Over 45,000 people illegally and, crucially, dangerously crossed the Channel in small boats last year, putting immense further pressure on local public services here in Sussex and across the country – such as in nearby Kent, which has very much seen this long-term impact and strain for many years on its local services.
It is right we focus on those preying on vulnerable people by abusing our laws and trafficking them, bypassing asylum protections. Having a proper control of borders is integral for keeping our communities safe and so tackling illegal immigration is extremely important. Being a humane, welcoming country for those in real need is not incompatible with this stance and we must have this debate and deliver change without conflating two very different and separate issues.
I am also very mindful that by not tackling this, it leaves space for division and exploitation in communities, perhaps creating public order concerns (some already occurring around hotels for example) and the opportunity for those who seek to gain by taking extreme positions that should not be allowed in this space. This is a peaceful, tolerant country which has a proud record of helping the most vulnerable in times of need and, by controlling illegal immigration, we are more able to provide support to those most in need when the time arises. Since 2015, the UK has offered safety to nearly 480,000 people from all over the world.
Many of those arriving via small boats either originate from or travel through safe countries, pay to skip the queue and are often exploited into making these dangerous journeys. It is unfair on those who come here legally and unfair on the British people who play by the rules and expect others to do the same – that is why the Prime Minister made stopping small boats one of his five priorities.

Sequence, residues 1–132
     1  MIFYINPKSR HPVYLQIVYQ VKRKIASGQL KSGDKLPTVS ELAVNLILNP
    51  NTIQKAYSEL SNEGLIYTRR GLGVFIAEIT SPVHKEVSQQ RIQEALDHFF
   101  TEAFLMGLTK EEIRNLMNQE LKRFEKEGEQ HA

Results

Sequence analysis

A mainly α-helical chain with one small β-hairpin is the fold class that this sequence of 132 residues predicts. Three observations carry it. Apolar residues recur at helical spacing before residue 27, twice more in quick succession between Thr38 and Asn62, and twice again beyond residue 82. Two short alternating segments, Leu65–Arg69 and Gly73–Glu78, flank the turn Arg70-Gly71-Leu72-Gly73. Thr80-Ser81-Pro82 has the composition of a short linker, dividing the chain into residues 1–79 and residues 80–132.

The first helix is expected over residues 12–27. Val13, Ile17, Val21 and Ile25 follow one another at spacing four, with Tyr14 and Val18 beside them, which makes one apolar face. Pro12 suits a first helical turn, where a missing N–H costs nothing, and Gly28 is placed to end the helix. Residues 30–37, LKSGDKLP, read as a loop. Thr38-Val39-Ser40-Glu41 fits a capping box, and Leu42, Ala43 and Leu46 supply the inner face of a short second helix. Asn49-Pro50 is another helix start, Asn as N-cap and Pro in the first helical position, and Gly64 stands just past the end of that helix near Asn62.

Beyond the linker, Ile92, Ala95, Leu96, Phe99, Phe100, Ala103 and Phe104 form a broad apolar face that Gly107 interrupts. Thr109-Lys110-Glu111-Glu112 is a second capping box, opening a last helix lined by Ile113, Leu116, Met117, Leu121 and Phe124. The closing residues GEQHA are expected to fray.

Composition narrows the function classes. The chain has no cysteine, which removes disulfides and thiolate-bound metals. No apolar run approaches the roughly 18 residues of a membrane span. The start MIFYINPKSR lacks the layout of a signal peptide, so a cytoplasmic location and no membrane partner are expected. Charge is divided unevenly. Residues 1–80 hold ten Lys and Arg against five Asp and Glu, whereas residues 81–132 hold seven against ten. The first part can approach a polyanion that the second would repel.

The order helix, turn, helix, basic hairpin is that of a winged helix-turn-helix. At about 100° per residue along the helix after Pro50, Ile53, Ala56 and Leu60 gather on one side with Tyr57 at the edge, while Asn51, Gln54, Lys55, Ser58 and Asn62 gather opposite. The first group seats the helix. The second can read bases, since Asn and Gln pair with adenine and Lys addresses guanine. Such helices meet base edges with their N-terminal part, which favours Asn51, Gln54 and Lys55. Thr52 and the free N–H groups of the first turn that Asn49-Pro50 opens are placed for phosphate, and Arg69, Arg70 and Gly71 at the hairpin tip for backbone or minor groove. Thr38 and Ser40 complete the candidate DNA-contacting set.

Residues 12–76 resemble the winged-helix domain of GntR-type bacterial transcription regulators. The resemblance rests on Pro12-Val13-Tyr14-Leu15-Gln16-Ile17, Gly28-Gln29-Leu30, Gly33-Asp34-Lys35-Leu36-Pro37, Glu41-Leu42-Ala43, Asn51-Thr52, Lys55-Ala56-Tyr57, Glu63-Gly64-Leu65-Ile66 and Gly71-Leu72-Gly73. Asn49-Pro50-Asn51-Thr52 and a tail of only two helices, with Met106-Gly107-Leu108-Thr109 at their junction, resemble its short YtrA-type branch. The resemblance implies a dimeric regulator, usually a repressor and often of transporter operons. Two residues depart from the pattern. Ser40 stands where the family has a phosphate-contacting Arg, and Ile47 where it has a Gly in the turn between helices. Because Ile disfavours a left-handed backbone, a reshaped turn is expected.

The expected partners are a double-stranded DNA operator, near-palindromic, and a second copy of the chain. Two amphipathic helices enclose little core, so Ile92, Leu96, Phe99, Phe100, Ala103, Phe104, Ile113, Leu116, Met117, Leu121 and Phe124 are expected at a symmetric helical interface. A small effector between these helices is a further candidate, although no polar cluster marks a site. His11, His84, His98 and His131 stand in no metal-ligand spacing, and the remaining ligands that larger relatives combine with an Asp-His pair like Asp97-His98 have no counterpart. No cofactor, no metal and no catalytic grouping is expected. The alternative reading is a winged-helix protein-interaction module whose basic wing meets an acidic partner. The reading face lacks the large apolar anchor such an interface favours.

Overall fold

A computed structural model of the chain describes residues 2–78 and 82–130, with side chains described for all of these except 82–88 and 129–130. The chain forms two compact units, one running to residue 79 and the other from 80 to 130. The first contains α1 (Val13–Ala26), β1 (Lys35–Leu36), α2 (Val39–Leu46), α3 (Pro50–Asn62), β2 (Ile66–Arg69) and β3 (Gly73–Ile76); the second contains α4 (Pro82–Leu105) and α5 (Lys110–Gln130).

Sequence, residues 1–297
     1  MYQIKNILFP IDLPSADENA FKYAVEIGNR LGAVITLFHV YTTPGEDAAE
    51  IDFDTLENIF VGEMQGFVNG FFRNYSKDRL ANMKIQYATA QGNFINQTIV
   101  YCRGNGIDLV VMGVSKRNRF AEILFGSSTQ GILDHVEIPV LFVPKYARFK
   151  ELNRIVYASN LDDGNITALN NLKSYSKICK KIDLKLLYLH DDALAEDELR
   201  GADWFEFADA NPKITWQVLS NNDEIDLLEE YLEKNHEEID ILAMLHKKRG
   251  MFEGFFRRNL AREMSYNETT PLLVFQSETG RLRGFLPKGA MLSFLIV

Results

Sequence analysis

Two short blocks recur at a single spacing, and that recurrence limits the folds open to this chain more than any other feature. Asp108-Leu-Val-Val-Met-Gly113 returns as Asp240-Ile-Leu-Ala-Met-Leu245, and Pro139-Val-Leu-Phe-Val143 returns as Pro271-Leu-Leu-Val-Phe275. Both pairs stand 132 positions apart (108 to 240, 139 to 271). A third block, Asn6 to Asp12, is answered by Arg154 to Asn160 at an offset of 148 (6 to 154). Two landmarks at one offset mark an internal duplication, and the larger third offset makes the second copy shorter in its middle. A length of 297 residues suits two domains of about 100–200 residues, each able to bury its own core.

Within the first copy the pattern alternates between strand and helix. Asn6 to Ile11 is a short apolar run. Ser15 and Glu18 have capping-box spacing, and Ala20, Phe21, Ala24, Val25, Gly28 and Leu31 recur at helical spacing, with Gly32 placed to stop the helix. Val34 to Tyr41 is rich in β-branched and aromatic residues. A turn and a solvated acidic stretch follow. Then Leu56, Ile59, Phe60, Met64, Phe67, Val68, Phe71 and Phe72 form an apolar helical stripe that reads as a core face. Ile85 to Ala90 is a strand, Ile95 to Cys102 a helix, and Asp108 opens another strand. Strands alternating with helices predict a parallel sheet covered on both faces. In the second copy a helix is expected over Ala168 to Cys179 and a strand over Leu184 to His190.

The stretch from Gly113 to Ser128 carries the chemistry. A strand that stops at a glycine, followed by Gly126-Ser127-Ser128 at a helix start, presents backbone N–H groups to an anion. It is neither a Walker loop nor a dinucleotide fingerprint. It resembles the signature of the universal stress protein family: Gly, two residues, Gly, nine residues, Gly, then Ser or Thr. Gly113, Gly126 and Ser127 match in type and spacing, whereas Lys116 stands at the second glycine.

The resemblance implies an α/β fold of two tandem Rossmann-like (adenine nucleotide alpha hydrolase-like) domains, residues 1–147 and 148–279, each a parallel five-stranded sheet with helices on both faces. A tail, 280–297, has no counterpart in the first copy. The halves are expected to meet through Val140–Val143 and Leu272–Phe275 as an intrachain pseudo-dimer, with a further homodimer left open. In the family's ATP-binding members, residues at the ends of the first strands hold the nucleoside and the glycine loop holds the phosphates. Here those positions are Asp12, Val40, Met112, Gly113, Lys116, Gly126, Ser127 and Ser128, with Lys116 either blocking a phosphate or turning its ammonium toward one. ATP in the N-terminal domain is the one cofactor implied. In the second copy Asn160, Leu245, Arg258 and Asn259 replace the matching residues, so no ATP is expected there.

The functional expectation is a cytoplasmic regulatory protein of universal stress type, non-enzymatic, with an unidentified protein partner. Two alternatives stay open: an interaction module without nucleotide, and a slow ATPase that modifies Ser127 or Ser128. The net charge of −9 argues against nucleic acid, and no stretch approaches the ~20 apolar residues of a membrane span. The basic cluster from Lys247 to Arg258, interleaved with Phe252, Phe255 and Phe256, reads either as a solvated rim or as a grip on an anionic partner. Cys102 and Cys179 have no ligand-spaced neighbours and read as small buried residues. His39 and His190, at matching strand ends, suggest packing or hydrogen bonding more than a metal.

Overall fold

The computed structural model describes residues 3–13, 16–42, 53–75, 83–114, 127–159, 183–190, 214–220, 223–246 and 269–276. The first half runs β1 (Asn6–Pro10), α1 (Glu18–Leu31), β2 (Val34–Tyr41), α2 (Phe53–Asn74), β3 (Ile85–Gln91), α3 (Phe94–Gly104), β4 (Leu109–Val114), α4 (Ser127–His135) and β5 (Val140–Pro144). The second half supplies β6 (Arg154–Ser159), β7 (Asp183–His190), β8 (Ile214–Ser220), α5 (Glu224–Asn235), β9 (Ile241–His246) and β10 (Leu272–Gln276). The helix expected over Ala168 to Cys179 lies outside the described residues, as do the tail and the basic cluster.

The Illegal Migration Bill fulfils this priority by changing the law so that people who knowingly come to the UK illegally can be detained and then swiftly returned to a safe third country or their home country. It is only by removing the incentive for people to risk their lives to travel to the UK illegally that we will stop the boats and break the business model of the heinous traffickers.
Those who come here illegally will not be able to claim asylum in the UK - claims will instead be heard in Rwanda or another safe third country. This means the 90 per cent of arrivals who claimed asylum in 2022 would no longer be able to stay in the UK.
Unaccompanied children will only be removed in very limited circumstances ahead of them reaching adulthood and then only to a safe country, such as for the purposes of family reunion or to their country of origin. All decisions will be made on a case-by-case basis.
I can assure you that as we reduce illegal migration, the Government will do more to help the most vulnerable through safe and legal routes as it has done for Syria, Afghanistan, Hong Kong and Ukraine. I am very proud of the work at DWP where I am helping deliver support and guidance on helping people progress in their new lives and move into employment and help shape their next stage.
Further information on the Illegal Migration Bill can be found here: https://www.gov.uk/government/collections/illegal-migration-bill